Prof. Agrawal: You are right in saying that parasitic diseases of animals in India have completely been neglected. Perhaps this is on the notion that they do not cause animal death hence harm to animal industry is minimum. However, sincere efforts of Parasitologists have conclusively demonstrated that parasitic diseases are not only causing debility or production losses, but are also responsible for causing slow, steady death of animals, one by one, without confirming diagnosis hence, specific treatment resulting in wiping of almost whole flock within a short period; this has been demonstrated well in ovine hemonchosis as well as in ovine schistosomiasis. This neglect is again despite that parasitic diseases neither have any vaccine to control nor have specific drugs like antibiotics for effective cure.
Parasitic zoonosis has two main components-medical and veterinary. How we can effectively control them when both are working wide apart. There is no body which can collaborate the efforts of the two or any organization which may formulate working plan and combine the work for more efficient results. Earlier, attempts were made to start degrees in Veterinary Public Health, but the absence of creating posts and a common strategy distracted the concerned persons.
As zoonotic diseases, viral, bacterial, fungal, protozoan, helminths make a large part of infectious diseases, it may be better to formulate a separate entity at government level, which may deal all these zoonotic diseases by incorporating subject matter specialists of each discipline.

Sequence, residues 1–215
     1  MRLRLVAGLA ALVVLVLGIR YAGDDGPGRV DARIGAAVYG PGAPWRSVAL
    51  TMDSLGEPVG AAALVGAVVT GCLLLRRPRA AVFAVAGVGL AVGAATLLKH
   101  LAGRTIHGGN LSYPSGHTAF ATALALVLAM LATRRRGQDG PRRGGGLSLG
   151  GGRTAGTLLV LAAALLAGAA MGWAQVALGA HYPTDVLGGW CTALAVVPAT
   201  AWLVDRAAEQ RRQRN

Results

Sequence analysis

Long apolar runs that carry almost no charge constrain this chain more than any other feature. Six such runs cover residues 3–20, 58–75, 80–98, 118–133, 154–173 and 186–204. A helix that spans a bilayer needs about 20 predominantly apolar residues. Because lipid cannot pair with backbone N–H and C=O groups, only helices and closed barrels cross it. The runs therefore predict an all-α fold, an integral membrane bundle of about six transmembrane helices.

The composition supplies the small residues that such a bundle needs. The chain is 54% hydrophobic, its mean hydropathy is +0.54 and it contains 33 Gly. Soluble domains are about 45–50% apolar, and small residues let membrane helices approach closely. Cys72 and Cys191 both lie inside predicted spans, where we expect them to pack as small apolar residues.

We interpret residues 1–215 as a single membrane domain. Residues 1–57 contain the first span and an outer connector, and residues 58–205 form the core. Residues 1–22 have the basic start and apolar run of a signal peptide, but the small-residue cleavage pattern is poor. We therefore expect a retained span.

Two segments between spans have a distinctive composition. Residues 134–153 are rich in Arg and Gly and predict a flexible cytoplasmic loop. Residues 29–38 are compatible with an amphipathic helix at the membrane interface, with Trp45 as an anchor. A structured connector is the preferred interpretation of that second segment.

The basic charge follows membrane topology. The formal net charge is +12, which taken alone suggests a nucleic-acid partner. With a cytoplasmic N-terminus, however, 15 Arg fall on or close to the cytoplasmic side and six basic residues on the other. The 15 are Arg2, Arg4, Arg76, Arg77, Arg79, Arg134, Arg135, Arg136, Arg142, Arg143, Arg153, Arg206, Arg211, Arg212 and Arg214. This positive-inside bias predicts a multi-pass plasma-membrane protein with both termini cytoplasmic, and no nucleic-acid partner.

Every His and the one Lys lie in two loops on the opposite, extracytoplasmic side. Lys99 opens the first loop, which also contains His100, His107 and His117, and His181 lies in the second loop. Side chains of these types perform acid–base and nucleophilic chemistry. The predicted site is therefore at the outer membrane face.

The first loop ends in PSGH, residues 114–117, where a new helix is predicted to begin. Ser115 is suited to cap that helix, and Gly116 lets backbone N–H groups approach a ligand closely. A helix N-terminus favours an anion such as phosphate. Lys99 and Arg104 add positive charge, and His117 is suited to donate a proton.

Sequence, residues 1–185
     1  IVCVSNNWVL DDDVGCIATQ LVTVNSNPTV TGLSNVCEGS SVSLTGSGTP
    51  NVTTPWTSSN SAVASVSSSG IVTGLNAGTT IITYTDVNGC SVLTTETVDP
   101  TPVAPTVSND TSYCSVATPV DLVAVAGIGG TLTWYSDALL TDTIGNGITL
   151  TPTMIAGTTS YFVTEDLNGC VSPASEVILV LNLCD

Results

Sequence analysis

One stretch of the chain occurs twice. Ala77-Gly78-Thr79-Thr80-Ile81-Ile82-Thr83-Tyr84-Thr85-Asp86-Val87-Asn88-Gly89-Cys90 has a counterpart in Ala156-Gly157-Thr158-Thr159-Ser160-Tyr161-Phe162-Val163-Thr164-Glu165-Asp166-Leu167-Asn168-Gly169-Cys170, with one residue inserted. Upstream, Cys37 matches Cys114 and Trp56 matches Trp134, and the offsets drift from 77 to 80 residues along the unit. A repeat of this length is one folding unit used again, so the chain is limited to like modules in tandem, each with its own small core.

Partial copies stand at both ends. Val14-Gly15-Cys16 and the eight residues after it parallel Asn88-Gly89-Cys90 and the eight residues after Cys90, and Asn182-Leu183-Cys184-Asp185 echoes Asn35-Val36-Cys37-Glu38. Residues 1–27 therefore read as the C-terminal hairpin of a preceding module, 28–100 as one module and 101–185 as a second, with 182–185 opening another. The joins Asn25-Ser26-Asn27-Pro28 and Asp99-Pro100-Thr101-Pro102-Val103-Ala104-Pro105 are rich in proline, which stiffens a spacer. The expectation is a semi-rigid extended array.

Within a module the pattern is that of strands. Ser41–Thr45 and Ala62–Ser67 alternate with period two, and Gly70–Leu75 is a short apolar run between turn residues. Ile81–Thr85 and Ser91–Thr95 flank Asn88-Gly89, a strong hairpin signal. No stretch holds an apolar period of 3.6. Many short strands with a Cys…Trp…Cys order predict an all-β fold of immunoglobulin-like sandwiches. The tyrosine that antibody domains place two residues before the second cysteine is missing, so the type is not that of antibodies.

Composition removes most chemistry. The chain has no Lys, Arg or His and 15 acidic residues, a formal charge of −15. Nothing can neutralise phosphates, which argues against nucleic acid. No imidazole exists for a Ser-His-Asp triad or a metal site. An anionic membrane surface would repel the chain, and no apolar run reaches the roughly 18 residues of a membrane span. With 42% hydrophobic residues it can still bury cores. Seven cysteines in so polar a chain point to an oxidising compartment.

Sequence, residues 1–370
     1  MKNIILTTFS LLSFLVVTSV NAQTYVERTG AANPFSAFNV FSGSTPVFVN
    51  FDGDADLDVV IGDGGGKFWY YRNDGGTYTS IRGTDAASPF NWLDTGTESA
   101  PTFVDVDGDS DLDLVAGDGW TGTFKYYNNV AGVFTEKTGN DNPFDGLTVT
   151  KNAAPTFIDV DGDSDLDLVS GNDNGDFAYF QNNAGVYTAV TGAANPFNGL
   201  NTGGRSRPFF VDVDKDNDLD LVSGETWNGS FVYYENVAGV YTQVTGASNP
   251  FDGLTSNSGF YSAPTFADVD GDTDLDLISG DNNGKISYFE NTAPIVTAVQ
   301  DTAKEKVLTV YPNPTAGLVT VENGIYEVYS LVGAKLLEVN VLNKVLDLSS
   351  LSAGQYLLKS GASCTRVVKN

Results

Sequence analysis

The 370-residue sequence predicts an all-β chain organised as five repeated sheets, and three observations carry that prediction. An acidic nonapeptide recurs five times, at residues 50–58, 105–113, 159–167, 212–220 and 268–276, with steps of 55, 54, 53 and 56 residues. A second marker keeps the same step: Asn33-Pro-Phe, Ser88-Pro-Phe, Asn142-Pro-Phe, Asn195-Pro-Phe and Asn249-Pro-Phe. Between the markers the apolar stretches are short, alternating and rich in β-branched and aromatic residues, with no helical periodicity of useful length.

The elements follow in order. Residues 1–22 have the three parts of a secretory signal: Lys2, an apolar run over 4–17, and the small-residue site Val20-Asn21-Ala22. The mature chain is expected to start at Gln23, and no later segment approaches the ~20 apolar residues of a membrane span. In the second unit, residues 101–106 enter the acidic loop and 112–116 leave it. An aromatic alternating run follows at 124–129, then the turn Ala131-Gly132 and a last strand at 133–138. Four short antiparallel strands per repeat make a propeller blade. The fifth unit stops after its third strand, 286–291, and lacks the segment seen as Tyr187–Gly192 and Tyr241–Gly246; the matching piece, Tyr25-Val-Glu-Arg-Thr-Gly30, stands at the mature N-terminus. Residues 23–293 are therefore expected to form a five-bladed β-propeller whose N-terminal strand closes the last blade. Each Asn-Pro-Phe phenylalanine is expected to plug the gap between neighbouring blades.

TP: Can you share some of your interesting observations of animal infections rarely infesting humans?
Prof. Agrawal: During the teaching course of parasitic zoonosis to postgraduate students, I asked the PG students to examine stools of hostel students for parasitic infections. These hostellers were found positive for Hymenolepis eggs; it was later observed that the flour is mixed with positive rat feces resulting in such infections. Some students, having rural back ground, were positive for hookworm infection. This simple work showed how parasitic infections may reflect back ground history of any one.
TP: Commending your authorship in the various literary materials on helminthes in India, kindly shed some light on the burden of helminthes in our country, comparing the urban, rural and the tribal population.
Prof. Agrawal: As parasitic disease is the cumulative effect of social status, economic activities, nutritional status, behavioral differences and environment of human population, so it will naturally differ as per these parameters. Urban group is in advantage stage as it has created conditions where exposure to parasitic stages becomes minimal hence malaria has remained, perhaps, the only main problem of this elite group. However, urban population, particularly, slum dwellers are facing some more problems like amebiasis. Another problem arising is because of street dogs and their scattering fecal material, which is responsible for serious zoonotic diseases like hydatidosis, cysticercosis, toxocariasis or visceral larval migrans (not mentioning rabies as being a viral problem).